Israel-Gaza war on US campuses: Why are top university leaders under fire?

Leaders at the three top universities in the United States have faced calls to resign after their testimony before a congressional hearing on campus anti-Semitism set off a firestorm of criticism.

On Tuesday, Harvard University announced it would keep political scientist Claudine Gay as its president, after her counterpart at the University of Pennsylvania, Elizabeth Magill, stepped down over the weekend.

Gay, Magill and Sally Kornbluth, the president of the Massachusetts Institute of Technology (MIT), have all faced a backlash since their joint appearance before Congress on December 6, where they were asked how they would address anti-Semitism at their universities.

Republican Representative Elise Stefanik grilled the academic leaders for offering evasive answers about whether calls for the “genocide of Jews” violated their schools’ codes of conduct.

“Calling for the genocide of Jews is dependent on the context?” Stefanik said incredulously in response to their answers. “That is not bullying or harassment? This is the easiest question to answer yes.”

Fears over anti-Semitism and other forms of hate have spiked since the start of the Israeli war in Gaza on October 7, which sparked widespread campus protests in the US.

As pro-Israel and pro-Palestinian protesters clashed, university leaders faced scrutiny over what speech is protected on school grounds – and what, if anything, should be limited.

Let’s take a look at the congressional hearing and why the presidents’ testimonies have drawn bipartisan backlash, including from the White House:

Why was the hearing held?

Jewish advocacy group Anti-Defamation League and some other similar groups have warned that anti-Semitism is on the rise on US campuses, particularly since the start of the Gaza war. The staunchly pro-Israel group, however, has been accused of conflating the criticism of Israel with anti-Semitism.

Politicians, particularly on the right, have pointed to those reports as evidence that the liberal atmosphere on college campuses has gone too far.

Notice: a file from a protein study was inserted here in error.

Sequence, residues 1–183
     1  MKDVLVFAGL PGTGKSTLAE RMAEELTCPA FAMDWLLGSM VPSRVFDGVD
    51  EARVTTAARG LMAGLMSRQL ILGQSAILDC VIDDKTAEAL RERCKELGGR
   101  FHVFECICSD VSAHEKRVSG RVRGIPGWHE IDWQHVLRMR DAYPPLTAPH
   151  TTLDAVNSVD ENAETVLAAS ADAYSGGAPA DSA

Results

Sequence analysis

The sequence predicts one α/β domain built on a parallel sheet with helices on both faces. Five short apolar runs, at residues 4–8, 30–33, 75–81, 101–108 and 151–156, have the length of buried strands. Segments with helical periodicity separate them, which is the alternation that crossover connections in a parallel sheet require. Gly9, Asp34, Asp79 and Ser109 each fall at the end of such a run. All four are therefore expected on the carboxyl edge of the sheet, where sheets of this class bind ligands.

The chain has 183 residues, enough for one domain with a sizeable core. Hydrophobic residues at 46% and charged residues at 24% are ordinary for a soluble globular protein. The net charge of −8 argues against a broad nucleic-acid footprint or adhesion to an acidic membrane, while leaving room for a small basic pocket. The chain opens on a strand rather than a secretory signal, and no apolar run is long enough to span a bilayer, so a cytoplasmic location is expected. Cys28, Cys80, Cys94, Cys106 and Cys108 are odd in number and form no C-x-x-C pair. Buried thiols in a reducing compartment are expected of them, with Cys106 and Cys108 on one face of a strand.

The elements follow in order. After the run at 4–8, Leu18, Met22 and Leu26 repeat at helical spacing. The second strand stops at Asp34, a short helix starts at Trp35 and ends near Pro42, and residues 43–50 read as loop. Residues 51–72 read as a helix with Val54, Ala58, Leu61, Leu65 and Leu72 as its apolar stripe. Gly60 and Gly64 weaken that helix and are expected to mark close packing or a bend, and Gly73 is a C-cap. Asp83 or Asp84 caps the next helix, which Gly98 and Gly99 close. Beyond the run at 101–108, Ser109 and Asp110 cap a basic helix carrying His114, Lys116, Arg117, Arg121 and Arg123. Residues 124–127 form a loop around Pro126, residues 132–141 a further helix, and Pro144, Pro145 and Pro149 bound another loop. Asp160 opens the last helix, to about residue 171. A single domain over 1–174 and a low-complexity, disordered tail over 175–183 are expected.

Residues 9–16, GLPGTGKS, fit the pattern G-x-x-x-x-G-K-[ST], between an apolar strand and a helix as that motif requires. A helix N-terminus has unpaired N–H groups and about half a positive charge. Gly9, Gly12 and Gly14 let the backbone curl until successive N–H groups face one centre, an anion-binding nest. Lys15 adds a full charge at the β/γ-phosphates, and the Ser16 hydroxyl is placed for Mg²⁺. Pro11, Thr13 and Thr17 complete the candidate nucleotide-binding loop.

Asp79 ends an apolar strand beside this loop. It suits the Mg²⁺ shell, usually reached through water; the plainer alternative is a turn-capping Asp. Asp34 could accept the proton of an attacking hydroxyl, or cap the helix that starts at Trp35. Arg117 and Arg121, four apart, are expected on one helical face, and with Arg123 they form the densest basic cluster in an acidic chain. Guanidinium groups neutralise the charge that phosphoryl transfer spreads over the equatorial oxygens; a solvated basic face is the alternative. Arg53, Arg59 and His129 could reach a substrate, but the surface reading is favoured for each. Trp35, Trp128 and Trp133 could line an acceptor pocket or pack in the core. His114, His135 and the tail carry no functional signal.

Pro-Israel groups have deemed student chanting of the slogan, “from the river to the sea”, to be pro-Hamas, but analysts say the term has more complex roots. They say the phrase is an expression of the Palestinian desire for freedom from oppression across the historical land of Palestine.

On December 6, the House Committee on Education and Labor held a hearing to address concerns about campus anti-Semitism, calling on Gay, Magill and Kornbluth to speak.

“Today, each of you will have a chance to answer to and atone for the many specific instances of vitriolic, hate-filled anti-Semitism on your respective campuses,” Republican Representative Virginia Foxx told the university presidents.

She added that the tense atmosphere denies students “the safe learning environment that they are due”.

What happened at the hearing?

The three university presidents testified at the five-hour-long hearing, addressing how they balanced free speech with concerns for campus safety.

But it was their interaction with Stefanik towards the end of the hearing that fuelled viral outrage.

Stefanik pressed the three leaders about whether calling for the genocide of Jews would be considered harassment, insisting on direct answers. In one such exchange, she posed a hypothetical question to Magill: “Does calling for the genocide of Jews violate Penn’s rules or code of conduct, yes or no?”

Magill said it would depend on the context. “If the speech turns into conduct, it can be harassment, yes.”

“I am asking, specifically, calling for the genocide of Jews, does that constitute bullying or harassment?” Stefanik said.

“If it is directed and severe, pervasive, it is harassment,” Magill answered.

“So the answer is yes,” Stefanik said, appearing exasperated.

All three presidents refused to issue blanket statements that calling for genocide would constitute conduct violations. At one point, Gay said terms like “intifada” – the Arabic word for “uprising” – were “personally abhorrent”, but she underscored her support for “free expression, even of views that are objectionable”.

Why did the testimonies spark controversy?

Much of the outrage stemmed from the fact that the university presidents did not unequivocally condemn calls for genocide, thereby appearing tolerant of hate speech.

Tom Ginsburg, a professor of law at the University of Chicago, said the presidents came across as “lawyered”, “defensive” and perhaps “out of touch”.

However, he said, “in substance, it’s not clear that anything any of them said was wrong or inaccurate”. The presidents were simply reflecting the broad protections for free speech afforded under the First Amendment of the US Constitution.

“We live in a country where you can call for the genocide of groups and, if you’re not imminently going to cause them harm, that’s legal,” he explained.

“Go on to Twitter. It happens all the time. So [the presidents] were trying to talk about their policies, obviously, in a way which preserved their ability to say that they were applying the First Amendment.”

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